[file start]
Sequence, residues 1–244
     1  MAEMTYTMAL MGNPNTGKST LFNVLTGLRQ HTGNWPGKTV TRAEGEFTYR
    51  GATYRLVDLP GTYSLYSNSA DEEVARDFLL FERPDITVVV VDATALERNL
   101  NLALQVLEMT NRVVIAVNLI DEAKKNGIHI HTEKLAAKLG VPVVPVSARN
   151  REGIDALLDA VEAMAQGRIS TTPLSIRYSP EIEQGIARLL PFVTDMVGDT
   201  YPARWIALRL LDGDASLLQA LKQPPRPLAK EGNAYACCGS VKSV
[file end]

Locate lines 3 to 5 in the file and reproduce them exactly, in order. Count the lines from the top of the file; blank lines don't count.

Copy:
    51  GATYRLVDLP GTYSLYSNSA DEEVARDFLL FERPDITVVV VDATALERNL
   101  NLALQVLEMT NRVVIAVNLI DEAKKNGIHI HTEKLAAKLG VPVVPVSARN
   151  REGIDALLDA VEAMAQGRIS TTPLSIRYSP EIEQGIARLL PFVTDMVGDT